Nitric oxide gas was passed through a column of NaOH pellets and used to thoroughly flush a tonometer. Anaerobic buffer (0.1 M sodium phosphate, pH 7.4) was injected into the tonometer and equilibrated with the NO to make a stock solution. Dilutions of the stock solution were made in glass syringes containing anaerobic buffer. Time courses of the reaction of oxyhemoglobin with NO were collected at 420 and 402 nm using an Applied Photophysics stopped-flow device. Temperature was 20° C. Data were collected and analyzed using the software program !SX.17MV supplied by Applied Photophysics.
Substituted alpha and beta subunits having approximately equal values of k′NO, ox were combined into tetrameric hemoglobin constructs for use in animal models. These “paired-mutant” rHbs (e.g. rHb2, rHb3, and rHb4; Table 20) were constructed with a genetically fused, mutated di-alpha subunit to prevent dissociation of the hemoglobins into alpha/beta dimers as described above. In Table 2, the mutations are designated, for example, as βN108K, which means the native human beta globin sequence residue number 108, with wildtype Asn (N) replaced by Leu (K).
25.8 ± 2.0
28.4 ± 5.7
24.1 ± 2.7
19.3 ± 3.4
13.0 ± 1.6
7.6 ± 1.0
The resulting recombinant oxyhemoglobins have monophasic reactions with nitric oxide (FIG. 7), simplifying interpretation of in vivo experiments by having only one rate constant to consider. The values of k′NO,ox for rHb2, rHb3, and rHb4 are 24, 15, and 2, μM−1s−1, respectively. Recombinant hemoglobins rHb1.1, rHb0.1 (des val, di-α), rHb0.0 (des val, wildtype type), and rHb Bethesda have a wide range of P50 values (32, 10, 15, and 2.7 mm Hg, respectively) due to different tendencies to form the low-affinity T-state quaternary structure. However, the latter four proteins have wild-type amino acids in the heme pockets and identical high values of the rate of NO-induced oxidation (˜60 μM−1s−1). The data suggest that, regardless of the position of the allosteric (R/T) equilibrium, only substitutions within the heme pocket affect the NO reactivity of oxyhemoglobin.
All three of the paired-mutant hemoglobins have oxygen dissociation curves that are significantly left-shifted compared to rHb1.1 (Table 20). The low values of P50 simplify interpretation of blood-pressure experiments by minimizing the formation of deoxyhemoglobin. In experiments with top-load administration and a normal complement of red blood cells, these high-affinity hemoglobins will remain nearly 100% oxygen-saturated throughout the circulation. Therefore, only the reactions of oxyhemoglobin with NO need be considered. For rHb1.1, the rate of NO binding to deoxyhemoglobin is similar to the rate of NO reaction with oxyhemoglobin, so the two forms of rHb1.1 have similar ability to scavenge NO. Generally, the rate of NO-induced oxidation is very similar to that for NO binding to the deoxy forms of myoglobins and hemoglobins, since the rate-limiting step in both processes is ligand entry into the distal pockets (Eich et al., supra.). Tables 21 and 22 provide additional NO binding data for various mutant hemoglobins.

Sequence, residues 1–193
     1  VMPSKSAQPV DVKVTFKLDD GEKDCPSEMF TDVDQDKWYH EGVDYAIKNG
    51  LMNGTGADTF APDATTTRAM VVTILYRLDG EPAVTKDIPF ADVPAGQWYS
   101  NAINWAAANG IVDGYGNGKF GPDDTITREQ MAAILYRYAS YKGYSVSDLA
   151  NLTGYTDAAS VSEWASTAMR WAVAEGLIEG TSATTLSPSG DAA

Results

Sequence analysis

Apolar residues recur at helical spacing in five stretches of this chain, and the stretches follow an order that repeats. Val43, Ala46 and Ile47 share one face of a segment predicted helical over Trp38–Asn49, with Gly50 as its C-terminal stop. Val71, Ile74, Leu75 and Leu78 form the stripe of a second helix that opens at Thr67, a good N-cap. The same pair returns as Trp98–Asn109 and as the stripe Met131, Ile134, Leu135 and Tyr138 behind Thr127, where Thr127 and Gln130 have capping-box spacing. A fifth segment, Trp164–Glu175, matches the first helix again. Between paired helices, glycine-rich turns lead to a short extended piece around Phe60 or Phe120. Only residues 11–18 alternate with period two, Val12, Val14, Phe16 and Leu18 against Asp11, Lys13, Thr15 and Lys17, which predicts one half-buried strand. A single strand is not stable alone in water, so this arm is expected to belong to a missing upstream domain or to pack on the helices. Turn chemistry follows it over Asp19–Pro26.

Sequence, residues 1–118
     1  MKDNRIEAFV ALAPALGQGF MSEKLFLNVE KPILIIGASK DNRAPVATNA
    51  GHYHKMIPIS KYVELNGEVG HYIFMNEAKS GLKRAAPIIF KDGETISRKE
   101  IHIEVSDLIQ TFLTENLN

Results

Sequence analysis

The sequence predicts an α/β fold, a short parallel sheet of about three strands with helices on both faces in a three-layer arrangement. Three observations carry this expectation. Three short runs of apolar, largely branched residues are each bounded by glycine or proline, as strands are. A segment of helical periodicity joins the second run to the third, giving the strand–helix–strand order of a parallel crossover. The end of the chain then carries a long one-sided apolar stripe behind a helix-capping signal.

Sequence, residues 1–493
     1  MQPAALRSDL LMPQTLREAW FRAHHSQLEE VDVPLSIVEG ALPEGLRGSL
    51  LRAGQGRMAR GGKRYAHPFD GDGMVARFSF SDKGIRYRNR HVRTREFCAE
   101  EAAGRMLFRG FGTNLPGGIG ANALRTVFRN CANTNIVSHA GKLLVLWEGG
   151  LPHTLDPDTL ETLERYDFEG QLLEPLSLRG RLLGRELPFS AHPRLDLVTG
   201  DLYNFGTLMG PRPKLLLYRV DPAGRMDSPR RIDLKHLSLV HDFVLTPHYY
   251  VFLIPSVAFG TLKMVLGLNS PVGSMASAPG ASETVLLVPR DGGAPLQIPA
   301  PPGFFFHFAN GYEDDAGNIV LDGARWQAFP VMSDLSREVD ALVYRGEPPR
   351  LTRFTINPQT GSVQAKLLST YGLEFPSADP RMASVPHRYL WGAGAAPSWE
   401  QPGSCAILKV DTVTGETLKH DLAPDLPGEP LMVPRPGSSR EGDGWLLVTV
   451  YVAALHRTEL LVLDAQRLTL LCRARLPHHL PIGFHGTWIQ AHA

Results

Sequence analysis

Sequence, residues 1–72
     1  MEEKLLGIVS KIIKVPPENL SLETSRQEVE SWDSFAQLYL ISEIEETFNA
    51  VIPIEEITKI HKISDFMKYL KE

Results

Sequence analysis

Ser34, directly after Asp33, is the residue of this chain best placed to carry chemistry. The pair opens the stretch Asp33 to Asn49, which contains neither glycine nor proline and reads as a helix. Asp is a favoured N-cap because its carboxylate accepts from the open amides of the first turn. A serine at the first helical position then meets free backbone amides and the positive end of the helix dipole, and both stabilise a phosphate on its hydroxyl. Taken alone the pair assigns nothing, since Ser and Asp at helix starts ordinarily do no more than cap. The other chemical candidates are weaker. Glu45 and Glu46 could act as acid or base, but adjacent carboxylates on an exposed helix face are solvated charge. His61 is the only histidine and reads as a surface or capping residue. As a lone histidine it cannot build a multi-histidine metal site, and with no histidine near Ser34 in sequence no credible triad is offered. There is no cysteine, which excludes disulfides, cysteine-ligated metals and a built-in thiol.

3004 + St. Mande
3004 + Prov. + Presby.
2821 + Prov + St. Mande
2821 + Prov + Pres
2822 + Pres
3001 + Pres
3001 + Prov
3011 + Prov
3011 + Pres
3011 + Prov + Pres
3011 + St. Mande
di-di 3011 + Prov
di-di 3011 + Pres
di-di 3011 + Prov + Pres
di-di 3011 + St. Mande
In Table 21, the values for k′nox,ox−(μM−1s−1) and kO2 (s−1) are in some cases expressed as two values (e.g., 2/6), which reflects the range of results that were sometimes obtained during analysis of these mutant combinations.
at 20° C.)
(s−1 at 20° C.)
1733 (3341 di*)
β wild type
1724 (JD15 sm)
1727 (JD18 sm)
1723 (JD4 sm)
“w.t.” indicates that the mutant was not distinguishable from rHb0.0
Hemodynamic responses to hemoglobin administration were obtained in conscious, unrestrained rats. Male Sprague-Dawley rats were chronically instrumented with indwelling arterial and venous catheters at least 48 hours prior to experimentation. Top-load doses of 350 mg/kg of the rHb solutions (5 g/dl) were administered to separate groups of rats via intravenous infusion at a rate of 0.5 ml/min. Human serum albumin (HSA, 5 g/dl) was administered to another group of rats as a volume control. Arterial pressure was monitored continuously for 30 minutes prior to and 90 minutes following administration. All data are shown as mean±standard error. Statistical comparisons between rHb1.1 and the other hemoglobins or HSA were made by repeated measures analysis of variance, p-values≦0.05 were considered significant.
The mean arterial pressure (MAP) responses elicited by rHb1.1 and each of the three paired-mutant rHbs were determined in conscious rats (FIG. 8). The magnitude of the pressor response decreased as the rate constant for NO scavenging was decreased. At the lowest rate of NO oxidation, the pressor response was nearly as low as that observed following administration of an equivalent volume of 5% human serum albumin (HSA). These effects were not due simply to the low P50 values for the distal pocket mutants, as shown in FIG. 9. The pressor effect of rHb1.1 (P50=32 mm Hg) was identical to that of rHb Bethesda, which had a P50 value (2.7 mm Hg) lower than any of the other hemoglobins in this study.